501 Bass Walk

Staying true to one architect's vision on the Great South Bay.
July 27, 2012

(The great room and the sunken conversation pit)

501 Bass Walk

Fire Island Pines. In the last 10 years, Fire Island Pines has seen its share of gut renovations and complete rebuilds, replacing an island full of ratty beach bungalows into one packed with style-conscious mansions. But for native Coloradoans Michael Patten and Gary Groff, 57 and 59, staying true to their bayside home’s unique Northern California-inspired architecture is what makes their home so special. Originally designed and built by William Zeph Ginsberg in 1978 for his family, 501 Bass Walk transitions from its interior to exterior spaces with great ease, offering beautiful views of the Great South Bay and plenty of ambient light. “The house reminds us of The Sea Ranch north of San Francisco with its shed roofs, cedar siding, built-ins and use of natural materials,” explains Patten.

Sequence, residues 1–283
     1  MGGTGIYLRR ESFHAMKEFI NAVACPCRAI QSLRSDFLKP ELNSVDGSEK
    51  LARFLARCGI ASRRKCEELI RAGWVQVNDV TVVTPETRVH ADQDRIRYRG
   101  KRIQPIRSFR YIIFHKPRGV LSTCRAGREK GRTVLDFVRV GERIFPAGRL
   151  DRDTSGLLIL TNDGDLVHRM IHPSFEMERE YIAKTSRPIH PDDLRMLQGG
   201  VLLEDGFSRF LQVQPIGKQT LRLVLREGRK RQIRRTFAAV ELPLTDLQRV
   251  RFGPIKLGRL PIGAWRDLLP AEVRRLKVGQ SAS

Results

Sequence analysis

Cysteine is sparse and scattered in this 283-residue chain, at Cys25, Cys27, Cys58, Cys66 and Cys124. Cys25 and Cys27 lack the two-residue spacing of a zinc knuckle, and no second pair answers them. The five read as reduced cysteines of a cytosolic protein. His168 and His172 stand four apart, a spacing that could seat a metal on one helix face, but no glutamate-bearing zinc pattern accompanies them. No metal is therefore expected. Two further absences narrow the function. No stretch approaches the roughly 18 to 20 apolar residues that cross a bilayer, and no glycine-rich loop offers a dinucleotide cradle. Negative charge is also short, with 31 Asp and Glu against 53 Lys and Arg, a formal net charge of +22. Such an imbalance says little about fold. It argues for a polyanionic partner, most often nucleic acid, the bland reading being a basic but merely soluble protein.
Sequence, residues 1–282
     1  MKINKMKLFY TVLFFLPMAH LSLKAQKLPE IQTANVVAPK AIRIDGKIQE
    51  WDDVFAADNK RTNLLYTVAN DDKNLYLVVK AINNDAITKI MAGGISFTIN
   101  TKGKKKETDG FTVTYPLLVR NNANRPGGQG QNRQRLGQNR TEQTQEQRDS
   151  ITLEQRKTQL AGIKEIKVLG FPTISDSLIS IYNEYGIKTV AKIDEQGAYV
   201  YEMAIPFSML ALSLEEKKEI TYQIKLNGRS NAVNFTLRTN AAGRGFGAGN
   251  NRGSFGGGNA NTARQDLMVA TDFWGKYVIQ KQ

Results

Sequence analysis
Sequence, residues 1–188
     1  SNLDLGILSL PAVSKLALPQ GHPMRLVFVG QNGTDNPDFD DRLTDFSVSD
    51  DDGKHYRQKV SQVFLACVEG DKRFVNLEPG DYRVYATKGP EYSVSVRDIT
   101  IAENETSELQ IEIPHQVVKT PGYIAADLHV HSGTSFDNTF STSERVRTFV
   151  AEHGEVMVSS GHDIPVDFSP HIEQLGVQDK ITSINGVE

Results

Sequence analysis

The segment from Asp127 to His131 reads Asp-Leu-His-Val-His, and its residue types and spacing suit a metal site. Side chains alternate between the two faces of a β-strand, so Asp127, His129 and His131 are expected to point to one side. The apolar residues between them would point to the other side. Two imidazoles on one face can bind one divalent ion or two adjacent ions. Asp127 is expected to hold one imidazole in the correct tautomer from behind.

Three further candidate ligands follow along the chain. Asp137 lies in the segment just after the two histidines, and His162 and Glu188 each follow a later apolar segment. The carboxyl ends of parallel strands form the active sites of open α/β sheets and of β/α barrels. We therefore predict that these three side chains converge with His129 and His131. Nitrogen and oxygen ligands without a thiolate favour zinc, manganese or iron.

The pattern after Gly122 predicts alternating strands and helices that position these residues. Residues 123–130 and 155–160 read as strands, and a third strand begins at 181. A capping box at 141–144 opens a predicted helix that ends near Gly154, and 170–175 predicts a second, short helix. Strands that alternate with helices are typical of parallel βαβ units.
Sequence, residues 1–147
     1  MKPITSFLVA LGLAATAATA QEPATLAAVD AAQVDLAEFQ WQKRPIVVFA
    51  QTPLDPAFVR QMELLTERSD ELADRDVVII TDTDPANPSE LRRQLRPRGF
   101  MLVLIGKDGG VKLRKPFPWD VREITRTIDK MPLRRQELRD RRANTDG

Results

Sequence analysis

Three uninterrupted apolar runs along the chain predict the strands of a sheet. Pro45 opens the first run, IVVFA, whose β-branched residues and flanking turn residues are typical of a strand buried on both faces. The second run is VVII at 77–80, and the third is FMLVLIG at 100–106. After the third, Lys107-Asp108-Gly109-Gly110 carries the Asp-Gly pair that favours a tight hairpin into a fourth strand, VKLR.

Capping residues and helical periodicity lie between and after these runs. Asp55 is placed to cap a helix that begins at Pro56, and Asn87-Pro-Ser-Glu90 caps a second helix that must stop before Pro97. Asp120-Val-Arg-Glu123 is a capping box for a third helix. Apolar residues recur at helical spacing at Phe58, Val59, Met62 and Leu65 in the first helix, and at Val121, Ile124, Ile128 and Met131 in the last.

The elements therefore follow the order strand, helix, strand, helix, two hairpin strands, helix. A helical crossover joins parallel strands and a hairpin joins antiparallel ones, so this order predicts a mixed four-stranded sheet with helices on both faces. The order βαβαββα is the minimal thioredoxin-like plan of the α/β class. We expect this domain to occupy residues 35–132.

The Chelsea couple bought the house in 1998 after years of renting, and have taken care to keep some of the home’s signature features, like a sunken conversation pit, large sliding barn doors to the exterior living spaces, a Euro- pean-style courtyard and, most notably, Ginsberg’s freestanding second-floor architecture studio, which they have transformed into a library.

Though they have made slight renovations over the years—including the addition of a pool in 2002—the couple have chosen materials that blend effortlessly with the existing structure. And despite the home’s flow with the summery outdoors, some of the couple’s favorite memories of the house have been in the off-season, like their annual Valentine’s Day party. “In the off-sea- son access becomes very limited,” explains Patten. “But in a way that limited- ness creates a unique winter community and close relationships. We all depend on one another. The winter is incredibly beautiful on Fire Island and we feel lucky to experience it. The most rewarding aspects are the friendships that we have developed over the years.”

(The master bedroom with its adobe-style fireplace)

(The inviting red doors of the main entryway)

(The view of the Great South Bay from the pool)

(The second-floor “studio”)